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Mr. Bradshaw: I refer my hon. Friends and the hon. Member to the answer my right hon. Friend the Foreign Secretary gave earlier in the House today to my hon. Friend the Member for Birmingham, Northfield (Richard Burden), Official Report, column 742.
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Mr. Bradshaw: Mr. Brahimi visited London on 9 October and met my right hon. Friends the Prime Minister, the Foreign Secretary and the International Development Secretary. We have maintained regular contact. My right hon. Friend the Foreign Secretary spoke to Lakhdar Brahimi by telephone on 22 October. Brahimi agreed with the Foreign Secretary's four principles on the future of Afghanistan, namely:
Mr. Bradshaw: HMG's policy is to recognise states, not governments. We have maintained contacts with all factions in Afghanistan, including the Taliban, but do not and did not prior to 11 September have normal government to government dealings with any of them.
Jeremy Corbyn: To ask the Secretary of State for Foreign and Commonwealth Affairs what discussions his Department has had with representatives of the Northern Alliance in Afghanistan; what assessment he has made of their political aims; and if he will make a statement. 
Mr. Bradshaw: British officials maintain regular contact with the Northern Alliance through the Chargé d'Affaires at the Afghan Embassy in London and officials have had a range of contacts with other members of the Northern Alliance including in Afghanistan and during visits by them to Europe. My right hon. Friend the Prime Minister has recently appointed Paul Bergne as his Personal Representative for Afghan Affairs who will be travelling in the region and meeting with representatives of the Northern Alliance to discuss the immediate political situation in Afghanistan and their aims.
Joan Ruddock: To ask the Secretary of State for Foreign and Commonwealth Affairs what steps he is taking to ensure that representatives of Afghan women's organisations are involved in the discussions about the composition of a post-Taliban Government. 
Mr. Bradshaw: Any future Afghan government must be broad-based and representative of the great diversity of the country's ethnic groupings. The form of that government and the process leading to its establishment must be up to the Afghan people themselves. However, the international community has to engage with the widest possible range of community leaders within Afghanistan, which would include women's organisations. We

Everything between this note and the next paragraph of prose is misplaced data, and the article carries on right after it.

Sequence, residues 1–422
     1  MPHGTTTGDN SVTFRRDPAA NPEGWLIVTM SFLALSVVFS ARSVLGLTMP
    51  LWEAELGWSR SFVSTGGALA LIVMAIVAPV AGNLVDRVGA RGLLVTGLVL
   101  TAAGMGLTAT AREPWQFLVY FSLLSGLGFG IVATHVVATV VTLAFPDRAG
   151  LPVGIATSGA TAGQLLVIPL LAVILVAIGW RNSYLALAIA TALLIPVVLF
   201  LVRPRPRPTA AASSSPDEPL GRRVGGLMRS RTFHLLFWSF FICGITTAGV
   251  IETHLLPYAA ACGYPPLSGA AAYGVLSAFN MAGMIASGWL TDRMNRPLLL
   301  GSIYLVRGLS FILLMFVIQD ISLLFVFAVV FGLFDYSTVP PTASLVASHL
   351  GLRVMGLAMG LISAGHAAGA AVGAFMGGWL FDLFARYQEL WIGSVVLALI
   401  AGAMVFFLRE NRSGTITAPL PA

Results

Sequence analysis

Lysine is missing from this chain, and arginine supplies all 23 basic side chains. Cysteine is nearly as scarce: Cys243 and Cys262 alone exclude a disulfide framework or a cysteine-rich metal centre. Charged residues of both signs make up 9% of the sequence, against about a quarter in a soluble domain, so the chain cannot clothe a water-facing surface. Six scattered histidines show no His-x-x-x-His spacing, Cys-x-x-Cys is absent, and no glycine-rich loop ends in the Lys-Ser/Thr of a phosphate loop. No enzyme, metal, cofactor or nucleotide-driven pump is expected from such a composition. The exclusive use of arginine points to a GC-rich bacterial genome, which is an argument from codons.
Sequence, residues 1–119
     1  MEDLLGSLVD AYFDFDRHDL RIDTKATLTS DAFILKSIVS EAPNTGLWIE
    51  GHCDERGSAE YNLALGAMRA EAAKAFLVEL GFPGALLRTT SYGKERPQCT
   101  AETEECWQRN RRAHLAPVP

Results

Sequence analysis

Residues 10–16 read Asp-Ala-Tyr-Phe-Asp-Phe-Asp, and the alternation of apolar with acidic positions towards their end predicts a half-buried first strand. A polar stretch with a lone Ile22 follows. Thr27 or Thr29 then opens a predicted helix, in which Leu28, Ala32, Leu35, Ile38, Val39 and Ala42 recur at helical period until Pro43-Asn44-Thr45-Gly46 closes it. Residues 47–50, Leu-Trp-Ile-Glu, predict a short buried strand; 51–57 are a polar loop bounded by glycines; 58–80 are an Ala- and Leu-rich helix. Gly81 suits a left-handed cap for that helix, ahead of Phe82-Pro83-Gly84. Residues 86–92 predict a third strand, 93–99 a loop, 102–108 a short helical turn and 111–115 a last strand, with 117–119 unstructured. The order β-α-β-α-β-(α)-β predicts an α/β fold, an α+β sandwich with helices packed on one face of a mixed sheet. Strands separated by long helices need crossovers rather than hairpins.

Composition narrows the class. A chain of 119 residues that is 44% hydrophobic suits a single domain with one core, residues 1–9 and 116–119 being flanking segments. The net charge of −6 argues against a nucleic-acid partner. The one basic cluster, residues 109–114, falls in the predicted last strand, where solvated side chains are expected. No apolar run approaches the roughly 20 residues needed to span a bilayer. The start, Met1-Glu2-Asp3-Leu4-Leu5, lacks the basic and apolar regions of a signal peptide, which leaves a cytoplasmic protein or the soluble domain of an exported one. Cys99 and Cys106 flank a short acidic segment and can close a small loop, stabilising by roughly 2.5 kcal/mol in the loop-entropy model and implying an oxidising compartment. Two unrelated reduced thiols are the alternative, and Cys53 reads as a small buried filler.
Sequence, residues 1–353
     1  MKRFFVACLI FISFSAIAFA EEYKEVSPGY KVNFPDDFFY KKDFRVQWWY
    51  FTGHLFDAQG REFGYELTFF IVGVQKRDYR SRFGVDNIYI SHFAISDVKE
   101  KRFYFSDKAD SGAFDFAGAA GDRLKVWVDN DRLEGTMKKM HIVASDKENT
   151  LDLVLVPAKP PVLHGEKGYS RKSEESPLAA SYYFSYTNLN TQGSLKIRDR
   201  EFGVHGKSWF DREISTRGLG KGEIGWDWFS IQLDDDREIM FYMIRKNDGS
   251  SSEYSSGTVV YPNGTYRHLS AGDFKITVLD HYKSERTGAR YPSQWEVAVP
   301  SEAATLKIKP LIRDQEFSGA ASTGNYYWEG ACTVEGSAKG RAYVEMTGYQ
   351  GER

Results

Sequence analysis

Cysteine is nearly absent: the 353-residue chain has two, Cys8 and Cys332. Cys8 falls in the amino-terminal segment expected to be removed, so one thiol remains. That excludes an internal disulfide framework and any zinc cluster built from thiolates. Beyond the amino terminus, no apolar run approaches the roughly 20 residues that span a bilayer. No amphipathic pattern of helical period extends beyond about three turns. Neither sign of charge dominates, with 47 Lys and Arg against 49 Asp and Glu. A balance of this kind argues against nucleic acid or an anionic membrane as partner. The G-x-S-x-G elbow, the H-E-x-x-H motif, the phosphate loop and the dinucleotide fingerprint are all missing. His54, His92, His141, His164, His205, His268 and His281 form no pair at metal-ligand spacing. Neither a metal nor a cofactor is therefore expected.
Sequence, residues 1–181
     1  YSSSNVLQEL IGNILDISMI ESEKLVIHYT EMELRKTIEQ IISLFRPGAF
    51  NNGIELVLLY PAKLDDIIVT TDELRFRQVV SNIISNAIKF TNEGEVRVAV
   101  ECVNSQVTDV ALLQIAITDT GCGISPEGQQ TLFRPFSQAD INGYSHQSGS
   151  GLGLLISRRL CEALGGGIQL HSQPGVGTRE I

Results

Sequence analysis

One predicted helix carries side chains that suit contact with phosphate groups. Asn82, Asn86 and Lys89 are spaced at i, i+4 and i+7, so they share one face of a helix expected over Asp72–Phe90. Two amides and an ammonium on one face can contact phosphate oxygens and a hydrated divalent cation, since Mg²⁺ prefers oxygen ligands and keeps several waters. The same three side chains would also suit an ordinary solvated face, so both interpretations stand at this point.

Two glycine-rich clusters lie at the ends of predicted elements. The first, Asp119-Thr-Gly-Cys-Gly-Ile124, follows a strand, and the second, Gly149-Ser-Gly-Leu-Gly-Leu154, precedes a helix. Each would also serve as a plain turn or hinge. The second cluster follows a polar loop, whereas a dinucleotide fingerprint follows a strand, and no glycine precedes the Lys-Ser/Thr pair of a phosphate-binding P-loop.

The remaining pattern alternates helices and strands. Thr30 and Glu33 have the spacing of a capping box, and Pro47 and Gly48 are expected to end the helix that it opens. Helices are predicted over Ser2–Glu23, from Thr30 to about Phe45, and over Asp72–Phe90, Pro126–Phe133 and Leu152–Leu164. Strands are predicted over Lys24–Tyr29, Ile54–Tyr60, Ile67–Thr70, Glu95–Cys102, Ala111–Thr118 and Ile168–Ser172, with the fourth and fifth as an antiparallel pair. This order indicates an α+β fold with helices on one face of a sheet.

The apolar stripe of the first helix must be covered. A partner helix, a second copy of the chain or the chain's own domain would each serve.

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Mr. Bradshaw: The position is unchanged. We believe that it is important to tackle the potential threat from weapons of mass destruction and ballistic missiles as their means of delivery with a comprehensive strategy that includes arms control and counter-proliferation, diplomacy, deterrence and defensive measures. We will continue to work closely with the United States in all these areas. We understand the role that missile defence can play as one element of that comprehensive strategy, but as yet we have had no specific proposal from the United States.
Mr. MacShane: Our Ambassadors in Korea and Japan as well as my officials in London are in regular contact with the Football Association, the Korean and Japanese organising committees and their respective football associations and police. I discussed this with the Korean Government in Seoul last month. We stand ready to provide whatever support may be necessary for the England team arising from these discussions.
28. Ms Ward: To ask the Secretary of State for Foreign and Commonwealth Affairs what provision he has made for visa applications to be submitted in Pakistan and neighbouring countries affected by the military action in Afghanistan. 
Mr. Bradshaw: Our visa sections in Pakistan remain open. However, due to security considerations we have had to change the way we deliver our service. Posts continue to accept applications through a "drop box" system, which is operated flexibly. Islamabad and Karachi continue to accept settlement applications. Posts in neighbouring countries remain open.
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Peter Hain: The United Kingdom ratified the Rome Statute of the International Criminal Court, in New York, on 4 October 2001. As the 42nd state to ratify the Statute, the United Kingdom secured a place among the 60 founding members of the Court. The Court will be established immediately following the 60th ratification. A 43rd state, Switzerland, ratified on 12 October.
32. Dr. Tonge: To ask the Secretary of State for Foreign and Commonwealth Affairs what action he has taken following the recent bombings in Bahrel Ghazal in Sudan; and if he will make a statement. 
Mr. Bradshaw: We are deeply concerned at these further reports of civilian casualties. This underlines the urgent need for progress in the Sudan peace process. Meanwhile we regularly urge both sides to respect internationally agreed norms in their conduct of the war.
Mr. MacShane: We welcome the continuing progress in Albania. Under the leadership of Prime Minister Ilir Meta, Albania has achieved a great deal over the past two years in stabilising the country and extending co-operation with neighbours and the international community. The Albanian Government have continued to take a strong line against extremism in Macedonia and have made some effort to interdict arms supplies to Albanian extremists. My right hon. Friend the Prime Minister wrote to Prime Minister Meta on 17 October, and I have held discussions with Foreign Minister Arta Dade to encourage further Albanian support to help resolve the situation in Macedonia.
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